If you'd like more options for each sentence, Egyptian2017, please let us know. I would more naturally use "need to" (or "should") in sentence (2), but that doesn't mean that "must" is incorrect. Again, I support all of Ahmed's recommendations. But those aren't the only correct answers.

thank you so much for your help

Egyptian2017,

I join David in supporting Ahmed's recommendations, and I also agree with him that these aren't the only possible answers.

I see that David is working under the assumption that your examples are from a test, which is reasonable seeing as each of your selections offers a choice of only three or four multiple-choice answers to choose from.  You do not actually say that this is the case in your post, though, and Ahmed's comments don't necessarily indicate that he is making the same assumption as David.  For what it's worth, I want to make sure that you are aware of the Grammar Exchange's policy regarding quoted material:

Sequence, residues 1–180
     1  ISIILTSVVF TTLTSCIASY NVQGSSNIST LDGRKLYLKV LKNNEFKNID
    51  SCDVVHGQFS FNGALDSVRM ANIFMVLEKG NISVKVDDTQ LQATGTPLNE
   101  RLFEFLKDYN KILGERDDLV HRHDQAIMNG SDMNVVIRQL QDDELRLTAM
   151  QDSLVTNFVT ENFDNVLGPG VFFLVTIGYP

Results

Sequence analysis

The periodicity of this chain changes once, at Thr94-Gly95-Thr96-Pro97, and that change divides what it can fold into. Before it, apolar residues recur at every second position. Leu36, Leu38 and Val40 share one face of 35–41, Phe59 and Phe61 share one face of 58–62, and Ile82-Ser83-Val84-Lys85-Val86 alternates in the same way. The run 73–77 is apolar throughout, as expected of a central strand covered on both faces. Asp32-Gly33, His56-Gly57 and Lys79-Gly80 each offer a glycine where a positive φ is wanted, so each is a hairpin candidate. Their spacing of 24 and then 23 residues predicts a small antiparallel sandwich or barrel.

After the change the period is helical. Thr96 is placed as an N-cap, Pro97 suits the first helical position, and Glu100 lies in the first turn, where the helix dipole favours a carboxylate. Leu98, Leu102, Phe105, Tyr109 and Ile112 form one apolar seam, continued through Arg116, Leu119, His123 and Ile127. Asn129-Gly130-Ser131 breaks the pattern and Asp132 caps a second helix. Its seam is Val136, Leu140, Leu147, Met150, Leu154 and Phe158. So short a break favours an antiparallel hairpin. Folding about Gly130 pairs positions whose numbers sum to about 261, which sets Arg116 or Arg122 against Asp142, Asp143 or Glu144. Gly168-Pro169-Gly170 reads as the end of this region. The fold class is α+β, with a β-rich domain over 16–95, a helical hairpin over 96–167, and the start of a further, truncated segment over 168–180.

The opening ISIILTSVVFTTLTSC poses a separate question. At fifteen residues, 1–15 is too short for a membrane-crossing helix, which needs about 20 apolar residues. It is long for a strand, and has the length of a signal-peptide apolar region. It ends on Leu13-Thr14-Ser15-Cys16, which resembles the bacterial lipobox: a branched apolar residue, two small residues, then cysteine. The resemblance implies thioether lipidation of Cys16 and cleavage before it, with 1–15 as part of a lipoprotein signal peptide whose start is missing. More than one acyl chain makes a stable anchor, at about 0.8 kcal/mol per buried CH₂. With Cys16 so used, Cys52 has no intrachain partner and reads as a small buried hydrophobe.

https://thegrammarexchange.inf.../topic/use-of-quotes

So, if these examples are from a textbook or workbook, tell us the name of the book and the author, and if the text is available online, provide a link.  If it's from a test, tell us that, and if you can, scan the thing and post the image so we know you are quoting it accurately.  (Keep in mind that if you are paraphrasing the material, you are still required to provide the source.)  If you came up with the examples yourself, it helps us if you let us know that so that we don't have to guess whether you simply neglected to cite your source.